It’s not uncommon for companies to have many “small issues” that customers regularly encounter. You know the type: an order hasn’t been delivered on time, steps in the manual aren’t clear, or invoices are incorrect. These are often characterized as small because they have a relatively minor impact on the customer and don’t require a lot of work on the part of a customer service agent to address. The customer picks up the phone, starts an online chat, sends an email, or even uses self-service to get their answer. It’s a quick interaction for all involved.
The problem is these issues really aren’t so trivial. As the saying “the straw that broke the camel’s back” goes, they add up. Yes, that short call, email, or chat has a few not-so-obvious costs associated with it. The fact is, common customer issues end up taking a greater toll and undermine a company’s success.
The hard costs associated with answering calls, emails, and chats will vary from business to business. Most companies have calculated it as cost-per-interaction or cost-per-minute based upon a combination of fixed costs like infrastructure and variable costs like employee salaries. Costs might seem minor for a 30-second interaction.
Simple issues also typically comprise the bulk of contact customers make with customer service. This means they tend to constitute much of the volume of calls, emails, and chats. Despite a low cost to address individually, the problem is the volume multiplier effect.
While operational costs are easy to calculate, the costs in the next two areas may be more difficult to calculate. As a result, they might not even be considered–even though they stand to pose an even higher risk to the business.
Negative customer experience
Though the customer may receive a fast answer, it was still a bump in the road of their customer journey with the product or service. Customers rightfully expect an effortless experience, not to face challenges and to be forced to take time out of their day to seek a solution. When a customer encounters enough inconveniences like that, they begin to reevaluate if a product or service is actually fulfilling their needs and might start shopping around for a new provider. They also are less likely to offer positive reviews and referrals to other customers.
The volume of small issues also has collateral damage on other customers’ experience. The volume of these issues, despite a fast handle time, can create a bottleneck for customers with less common or more complex issues. As a result, they must wait that much longer for a solution due to agents being tied up.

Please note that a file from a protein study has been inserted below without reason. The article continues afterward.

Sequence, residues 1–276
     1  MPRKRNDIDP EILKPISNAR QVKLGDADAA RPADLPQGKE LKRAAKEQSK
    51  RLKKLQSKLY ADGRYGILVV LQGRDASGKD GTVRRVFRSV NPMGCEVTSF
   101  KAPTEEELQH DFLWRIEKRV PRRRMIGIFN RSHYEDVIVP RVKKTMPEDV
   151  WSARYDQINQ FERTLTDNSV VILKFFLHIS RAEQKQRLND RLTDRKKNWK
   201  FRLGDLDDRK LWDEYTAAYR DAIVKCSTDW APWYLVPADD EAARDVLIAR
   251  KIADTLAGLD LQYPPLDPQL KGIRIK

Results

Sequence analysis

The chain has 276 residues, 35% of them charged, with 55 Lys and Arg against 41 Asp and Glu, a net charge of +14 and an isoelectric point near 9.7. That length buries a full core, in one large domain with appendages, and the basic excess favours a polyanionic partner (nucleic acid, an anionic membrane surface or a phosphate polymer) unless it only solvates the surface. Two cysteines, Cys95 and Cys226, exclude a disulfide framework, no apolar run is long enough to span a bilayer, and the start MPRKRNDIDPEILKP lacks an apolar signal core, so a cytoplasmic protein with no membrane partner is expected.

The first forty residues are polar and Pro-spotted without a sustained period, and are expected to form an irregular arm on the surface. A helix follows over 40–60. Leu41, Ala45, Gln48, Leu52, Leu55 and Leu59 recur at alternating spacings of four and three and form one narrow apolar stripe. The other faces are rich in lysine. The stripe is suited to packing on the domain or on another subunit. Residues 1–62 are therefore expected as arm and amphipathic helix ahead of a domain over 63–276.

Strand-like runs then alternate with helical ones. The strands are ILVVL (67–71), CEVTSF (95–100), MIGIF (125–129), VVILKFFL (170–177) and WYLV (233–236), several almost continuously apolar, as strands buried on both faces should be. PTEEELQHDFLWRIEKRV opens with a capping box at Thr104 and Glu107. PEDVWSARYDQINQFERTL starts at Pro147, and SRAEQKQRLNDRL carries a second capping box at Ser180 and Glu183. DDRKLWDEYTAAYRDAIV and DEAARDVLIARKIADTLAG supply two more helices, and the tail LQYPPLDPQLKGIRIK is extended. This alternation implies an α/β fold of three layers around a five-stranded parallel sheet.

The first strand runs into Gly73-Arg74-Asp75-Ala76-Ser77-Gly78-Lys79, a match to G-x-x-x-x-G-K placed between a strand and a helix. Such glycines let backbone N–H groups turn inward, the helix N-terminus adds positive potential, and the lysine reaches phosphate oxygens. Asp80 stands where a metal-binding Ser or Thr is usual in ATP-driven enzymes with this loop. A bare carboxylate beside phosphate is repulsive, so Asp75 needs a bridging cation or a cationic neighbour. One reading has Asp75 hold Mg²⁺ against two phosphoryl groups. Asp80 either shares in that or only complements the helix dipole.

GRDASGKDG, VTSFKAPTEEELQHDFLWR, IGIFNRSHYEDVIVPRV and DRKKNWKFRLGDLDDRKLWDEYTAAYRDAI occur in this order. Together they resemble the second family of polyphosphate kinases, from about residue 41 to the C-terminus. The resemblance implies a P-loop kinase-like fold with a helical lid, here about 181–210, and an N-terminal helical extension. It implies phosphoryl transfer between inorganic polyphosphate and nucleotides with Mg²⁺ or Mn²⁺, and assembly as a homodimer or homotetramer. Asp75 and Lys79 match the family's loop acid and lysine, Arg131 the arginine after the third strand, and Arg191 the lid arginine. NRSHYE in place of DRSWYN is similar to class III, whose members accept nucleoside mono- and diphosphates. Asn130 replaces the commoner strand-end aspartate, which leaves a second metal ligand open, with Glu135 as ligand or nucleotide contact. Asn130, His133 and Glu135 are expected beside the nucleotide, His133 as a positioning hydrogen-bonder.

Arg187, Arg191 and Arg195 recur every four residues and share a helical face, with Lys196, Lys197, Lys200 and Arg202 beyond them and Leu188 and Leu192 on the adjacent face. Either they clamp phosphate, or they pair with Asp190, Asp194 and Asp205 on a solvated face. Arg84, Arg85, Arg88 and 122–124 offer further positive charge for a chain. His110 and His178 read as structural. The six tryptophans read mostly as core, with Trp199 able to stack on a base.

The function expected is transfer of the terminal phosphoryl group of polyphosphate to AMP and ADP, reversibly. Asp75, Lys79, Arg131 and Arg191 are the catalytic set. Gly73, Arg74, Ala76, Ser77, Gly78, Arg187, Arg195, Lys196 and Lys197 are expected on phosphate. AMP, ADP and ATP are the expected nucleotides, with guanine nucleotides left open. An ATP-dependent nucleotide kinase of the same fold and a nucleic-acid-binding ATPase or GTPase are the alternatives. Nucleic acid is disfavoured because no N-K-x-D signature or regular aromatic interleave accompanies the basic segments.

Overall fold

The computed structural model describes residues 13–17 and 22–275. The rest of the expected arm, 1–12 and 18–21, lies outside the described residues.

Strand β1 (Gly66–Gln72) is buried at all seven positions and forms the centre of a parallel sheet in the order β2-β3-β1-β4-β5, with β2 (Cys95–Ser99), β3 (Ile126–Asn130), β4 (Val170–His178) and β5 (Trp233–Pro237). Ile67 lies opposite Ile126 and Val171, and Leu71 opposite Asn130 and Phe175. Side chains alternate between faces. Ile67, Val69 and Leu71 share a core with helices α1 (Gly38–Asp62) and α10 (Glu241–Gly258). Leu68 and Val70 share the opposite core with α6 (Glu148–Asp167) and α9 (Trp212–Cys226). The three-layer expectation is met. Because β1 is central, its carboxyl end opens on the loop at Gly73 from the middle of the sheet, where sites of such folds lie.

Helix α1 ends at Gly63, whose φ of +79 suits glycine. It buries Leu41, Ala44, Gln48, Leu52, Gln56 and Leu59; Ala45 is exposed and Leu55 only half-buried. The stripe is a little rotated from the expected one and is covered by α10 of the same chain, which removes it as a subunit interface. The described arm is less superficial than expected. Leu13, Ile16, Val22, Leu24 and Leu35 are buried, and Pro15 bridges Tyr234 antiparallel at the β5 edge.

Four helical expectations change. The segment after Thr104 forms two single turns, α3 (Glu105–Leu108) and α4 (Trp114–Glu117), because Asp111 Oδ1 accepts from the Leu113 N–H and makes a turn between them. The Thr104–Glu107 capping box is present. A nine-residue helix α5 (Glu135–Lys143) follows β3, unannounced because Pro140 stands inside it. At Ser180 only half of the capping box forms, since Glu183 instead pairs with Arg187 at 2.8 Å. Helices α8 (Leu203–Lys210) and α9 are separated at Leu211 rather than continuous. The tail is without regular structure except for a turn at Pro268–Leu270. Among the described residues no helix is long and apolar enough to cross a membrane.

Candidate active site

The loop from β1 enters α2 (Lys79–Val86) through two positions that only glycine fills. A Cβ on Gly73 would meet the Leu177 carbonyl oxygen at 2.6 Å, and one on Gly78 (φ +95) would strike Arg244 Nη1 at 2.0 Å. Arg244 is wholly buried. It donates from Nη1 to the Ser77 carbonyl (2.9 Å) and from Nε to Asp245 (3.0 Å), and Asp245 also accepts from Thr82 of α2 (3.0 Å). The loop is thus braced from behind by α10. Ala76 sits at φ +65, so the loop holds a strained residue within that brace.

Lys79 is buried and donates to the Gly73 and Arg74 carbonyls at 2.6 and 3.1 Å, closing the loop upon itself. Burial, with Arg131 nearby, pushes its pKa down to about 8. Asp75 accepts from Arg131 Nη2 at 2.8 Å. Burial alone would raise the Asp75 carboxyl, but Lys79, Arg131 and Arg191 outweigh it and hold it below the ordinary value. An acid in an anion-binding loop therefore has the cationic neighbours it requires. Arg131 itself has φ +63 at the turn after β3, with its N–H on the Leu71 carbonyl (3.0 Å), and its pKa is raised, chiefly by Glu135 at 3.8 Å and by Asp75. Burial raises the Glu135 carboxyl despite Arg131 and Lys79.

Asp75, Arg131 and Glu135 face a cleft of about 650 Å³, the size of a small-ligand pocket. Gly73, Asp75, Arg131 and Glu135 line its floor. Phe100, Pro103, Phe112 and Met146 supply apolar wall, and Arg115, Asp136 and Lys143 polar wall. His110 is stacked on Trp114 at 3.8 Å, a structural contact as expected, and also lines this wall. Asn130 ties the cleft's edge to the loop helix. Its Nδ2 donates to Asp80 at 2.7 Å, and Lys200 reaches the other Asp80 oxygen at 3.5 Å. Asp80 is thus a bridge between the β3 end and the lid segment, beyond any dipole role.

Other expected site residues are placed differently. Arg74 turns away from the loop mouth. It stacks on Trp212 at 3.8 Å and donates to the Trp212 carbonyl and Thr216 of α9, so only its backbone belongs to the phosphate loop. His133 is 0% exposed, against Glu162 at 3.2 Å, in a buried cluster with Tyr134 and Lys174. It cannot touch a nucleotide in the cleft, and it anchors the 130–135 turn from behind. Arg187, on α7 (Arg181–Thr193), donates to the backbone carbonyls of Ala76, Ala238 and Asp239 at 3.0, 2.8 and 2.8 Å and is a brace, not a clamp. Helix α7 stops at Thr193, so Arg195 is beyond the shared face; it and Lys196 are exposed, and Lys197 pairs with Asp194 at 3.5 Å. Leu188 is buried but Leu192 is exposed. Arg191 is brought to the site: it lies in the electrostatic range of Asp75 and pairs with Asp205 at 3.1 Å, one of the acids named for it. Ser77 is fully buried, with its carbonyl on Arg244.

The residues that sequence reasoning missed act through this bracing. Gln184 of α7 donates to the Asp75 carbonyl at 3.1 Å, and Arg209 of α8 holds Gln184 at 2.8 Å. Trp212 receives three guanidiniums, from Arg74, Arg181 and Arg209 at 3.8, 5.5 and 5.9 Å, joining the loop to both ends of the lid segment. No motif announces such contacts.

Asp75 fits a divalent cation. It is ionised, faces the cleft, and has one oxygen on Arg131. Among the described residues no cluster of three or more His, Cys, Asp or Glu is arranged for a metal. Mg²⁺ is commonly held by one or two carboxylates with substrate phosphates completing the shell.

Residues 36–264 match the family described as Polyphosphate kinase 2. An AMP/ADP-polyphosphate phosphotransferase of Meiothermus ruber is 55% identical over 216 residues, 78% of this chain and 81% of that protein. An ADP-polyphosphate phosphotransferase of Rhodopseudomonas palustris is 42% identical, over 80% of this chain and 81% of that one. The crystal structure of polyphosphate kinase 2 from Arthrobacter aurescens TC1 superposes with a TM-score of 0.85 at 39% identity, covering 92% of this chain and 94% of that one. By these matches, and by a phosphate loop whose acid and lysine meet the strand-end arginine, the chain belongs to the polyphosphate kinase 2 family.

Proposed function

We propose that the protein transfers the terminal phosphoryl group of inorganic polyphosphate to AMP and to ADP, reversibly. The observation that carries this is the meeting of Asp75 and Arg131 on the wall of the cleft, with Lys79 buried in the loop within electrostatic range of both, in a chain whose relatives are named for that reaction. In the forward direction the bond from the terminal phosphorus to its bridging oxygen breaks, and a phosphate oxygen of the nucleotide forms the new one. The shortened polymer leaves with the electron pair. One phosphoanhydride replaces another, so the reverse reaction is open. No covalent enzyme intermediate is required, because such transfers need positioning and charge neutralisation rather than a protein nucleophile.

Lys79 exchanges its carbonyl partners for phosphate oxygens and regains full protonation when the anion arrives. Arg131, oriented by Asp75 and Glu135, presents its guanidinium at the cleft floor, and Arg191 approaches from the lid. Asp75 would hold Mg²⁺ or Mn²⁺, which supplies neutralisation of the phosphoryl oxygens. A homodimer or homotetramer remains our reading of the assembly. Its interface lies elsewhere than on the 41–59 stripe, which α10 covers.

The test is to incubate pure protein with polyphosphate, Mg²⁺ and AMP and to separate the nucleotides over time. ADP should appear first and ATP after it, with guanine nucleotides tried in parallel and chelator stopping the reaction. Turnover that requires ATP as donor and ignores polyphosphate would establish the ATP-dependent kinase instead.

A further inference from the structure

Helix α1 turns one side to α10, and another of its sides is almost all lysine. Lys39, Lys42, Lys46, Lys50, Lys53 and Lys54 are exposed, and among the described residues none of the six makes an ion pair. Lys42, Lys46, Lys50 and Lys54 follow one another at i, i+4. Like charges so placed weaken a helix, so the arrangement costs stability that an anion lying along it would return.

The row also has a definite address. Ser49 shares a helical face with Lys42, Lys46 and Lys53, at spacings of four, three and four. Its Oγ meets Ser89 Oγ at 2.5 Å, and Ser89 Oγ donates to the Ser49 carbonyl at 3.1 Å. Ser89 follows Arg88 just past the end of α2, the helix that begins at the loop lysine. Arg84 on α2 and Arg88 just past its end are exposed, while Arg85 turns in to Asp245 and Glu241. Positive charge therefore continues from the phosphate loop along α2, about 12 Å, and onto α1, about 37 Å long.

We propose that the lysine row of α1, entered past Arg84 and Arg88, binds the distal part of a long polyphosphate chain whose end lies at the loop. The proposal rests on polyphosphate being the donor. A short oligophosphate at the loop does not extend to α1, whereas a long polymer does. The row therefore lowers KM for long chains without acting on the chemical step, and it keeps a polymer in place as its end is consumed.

Frontline customer service agents have a tough job. As the face and voice of the company, they must professionally and efficiently solve customer problems. While some might enjoy the fast turnaround on simple issues, these types of problems might affect them in less positive ways.
First, they might feel bored and frustrated. If the bulk of their calls, emails, and chats are repetitive and mundane, they may sound bored and disengaged with customers. Bored and disengaged never scores highly in customer satisfaction surveys.
Second, their pride may be reduced in the company. If hundreds of customers are experiencing the same problem over-and-over but nothing is being done to turn the tide, they may experience dissatisfaction in their work.
Employees with great customer service skills are hard to come by. Agents having feelings of boredom, frustration, and a lack of pride may choose to look elsewhere for jobs. Reduced retention results in higher training costs and a decrease in overall staff knowledge and skill, which in turn reduces efficiency and customer satisfaction.
Go ahead and sweat the small stuff
In many cases, small issues go ignored because they seem so insignificant. Yet like individual strands of straw, they have weight–weight that, when not monitored, can go from manageable to disabling. The same holds true for customer issues.
Granted, not every issue can be put to rest. It probably doesn’t make sense to recall product currently “on the shelves” to address an unclear action in the manual. What does make sense is to immediately produce a revised version and replace the unshipped stock with it. The cost of destroying the old manuals is small compared
Take a close look at those small issues that daily come into your contact center. While a permanent solution might not exist for every single one, identify and address the root cause of those that you can. By permanently addressing these issues, operational, customer, and employee costs–both calculable and immeasurble–can be eliminated, saving more than just the bottom line.